Back to the topic: the second source of tourism is sports. Quite a few people come from out of town to see high school football, basketball, and track events. Almost all of them get something to eat and gas up. As a result, our local restaurants have acquired pretty good reputations. I have noted that Bernie's food and decorations reflecting Monmouth's early aviation history make a very good impression on visitors, and I imagine that the birthday dinner fare is enjoyed as least as much as the shootout itself.

     The third largest group of tourists come to see Monmouth College and to participate in associated activities. We must have a thousand families stop at the College every year to look around and to speak with the Admissions program. We have a beautiful campus and, moreover, it is located in an attractive neighborhood C something which is increasingly rare in higher education now. Hundreds of parents attend athletic events, plays, drop off and pick up their offspring. Alums come for homecoming, relatives for graduation, performers to give musical and dramatic shows, speakers to share their knowledge. Over a hundred teachers and high schoolers came in recently for the State Latin contest. All these thousands of people spend money on motels, restaurants and fast food.

     Sororities gather at the Holt House and the Minnie Stewart home. After all, every sorority woman in the United States knows that the first women's Greek letter society began at Monmouth College in Monmouth, Illinois. I don't know how many Kappas there are, but the curator of the birthplace museum might know C she's a Kappa C and every one of them wants to see the Stewart house.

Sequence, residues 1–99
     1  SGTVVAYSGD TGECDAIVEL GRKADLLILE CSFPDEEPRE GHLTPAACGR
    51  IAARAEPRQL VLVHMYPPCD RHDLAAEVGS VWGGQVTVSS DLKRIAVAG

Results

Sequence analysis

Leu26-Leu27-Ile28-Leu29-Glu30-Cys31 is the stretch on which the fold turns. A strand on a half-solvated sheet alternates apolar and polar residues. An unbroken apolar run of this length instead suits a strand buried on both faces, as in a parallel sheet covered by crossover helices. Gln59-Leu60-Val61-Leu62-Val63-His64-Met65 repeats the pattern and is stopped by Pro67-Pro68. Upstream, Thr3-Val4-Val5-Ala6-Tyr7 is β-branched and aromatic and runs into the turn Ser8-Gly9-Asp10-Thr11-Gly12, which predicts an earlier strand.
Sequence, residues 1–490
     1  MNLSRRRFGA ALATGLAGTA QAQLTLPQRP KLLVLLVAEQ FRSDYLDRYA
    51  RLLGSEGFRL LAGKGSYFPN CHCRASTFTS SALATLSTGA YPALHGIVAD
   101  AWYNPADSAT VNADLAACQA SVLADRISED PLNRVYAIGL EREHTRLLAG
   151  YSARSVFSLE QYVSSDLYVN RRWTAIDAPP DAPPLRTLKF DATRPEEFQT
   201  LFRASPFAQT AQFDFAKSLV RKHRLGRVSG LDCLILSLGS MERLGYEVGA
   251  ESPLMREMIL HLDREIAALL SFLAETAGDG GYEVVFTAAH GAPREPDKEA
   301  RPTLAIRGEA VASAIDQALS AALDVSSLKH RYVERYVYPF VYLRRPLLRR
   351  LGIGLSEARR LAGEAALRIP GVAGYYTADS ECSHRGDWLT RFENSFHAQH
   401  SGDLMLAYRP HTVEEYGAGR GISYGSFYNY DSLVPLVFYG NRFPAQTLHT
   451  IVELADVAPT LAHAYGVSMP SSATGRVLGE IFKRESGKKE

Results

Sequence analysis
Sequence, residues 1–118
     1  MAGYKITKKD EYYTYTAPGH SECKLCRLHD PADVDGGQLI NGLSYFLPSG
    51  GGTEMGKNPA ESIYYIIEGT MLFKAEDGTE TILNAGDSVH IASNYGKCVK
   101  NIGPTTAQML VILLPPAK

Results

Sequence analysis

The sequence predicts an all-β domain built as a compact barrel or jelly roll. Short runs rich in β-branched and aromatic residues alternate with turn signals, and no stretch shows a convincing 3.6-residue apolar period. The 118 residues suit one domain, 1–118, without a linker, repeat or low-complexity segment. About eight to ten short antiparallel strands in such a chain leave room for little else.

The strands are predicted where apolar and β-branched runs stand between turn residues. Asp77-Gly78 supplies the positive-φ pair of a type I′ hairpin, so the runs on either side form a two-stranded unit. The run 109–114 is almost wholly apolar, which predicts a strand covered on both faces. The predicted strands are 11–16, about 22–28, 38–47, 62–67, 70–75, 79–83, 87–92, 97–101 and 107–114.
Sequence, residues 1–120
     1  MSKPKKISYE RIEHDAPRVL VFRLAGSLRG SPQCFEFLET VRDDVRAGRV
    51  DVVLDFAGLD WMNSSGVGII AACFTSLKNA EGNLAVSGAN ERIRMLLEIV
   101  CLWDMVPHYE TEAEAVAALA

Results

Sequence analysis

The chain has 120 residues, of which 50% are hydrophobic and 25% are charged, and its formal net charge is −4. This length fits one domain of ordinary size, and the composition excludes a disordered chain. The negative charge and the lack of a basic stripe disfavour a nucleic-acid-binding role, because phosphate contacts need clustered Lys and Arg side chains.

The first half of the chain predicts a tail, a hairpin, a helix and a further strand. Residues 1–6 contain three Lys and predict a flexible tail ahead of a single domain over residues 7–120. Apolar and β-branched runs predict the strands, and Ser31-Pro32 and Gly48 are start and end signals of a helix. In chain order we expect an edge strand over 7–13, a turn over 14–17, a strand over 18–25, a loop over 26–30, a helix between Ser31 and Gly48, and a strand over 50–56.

There are other places in town to look at as well. In the park just outside of town you can see a real bridge. If you know architecture, there are some neat houses, not all of them on Broadway. Quinby House, now being renovated thanks to a state grant and a generous alum's gift, will be a spectacular home. At Christmas we have some awesome lighting displays, tours of extremely interesting homes, and the living windows. Oquawka offers a beautiful river view, the Phelps house, the covered bridge, and in winter an opportunity to get an exciting glimpse of eagles fishing; in addition, there are boating and fishing activities, and fall festivals.

     The Prime Beef festival draws a good crowd every year, as does the Fourth of July fireworks show.    In short, there is a great deal more to this local tourism than meets the eye. And each of us in our own way contributes more to it than we realize. I, like many travelers nowadays, prefer the older state highways to the Interstate when I'm not in a hurry; and if I am in any way a typical drop-in tourist, our weekend garage sales attract more summer visitors than any state marker in the local park will. Certainly the auctions featuring antiques and Lincoln memorabilia bring in a good deal of money.

     To sum it all up, I am not against tourism. I'm certainly not against history. I even went to see Kevin Costner in Robin Hood: the Wimp. It's just that I take a wider view of what tourism is and I like my history authentic. The most overlooked historical site hereabouts is the Warren County Museum in Roseville. It is a well-done project. Although it isn't open in the winter, for the rest of the year it is a fine place to get in touch with your family's past. Drop in next time you're looking for a place to drive by.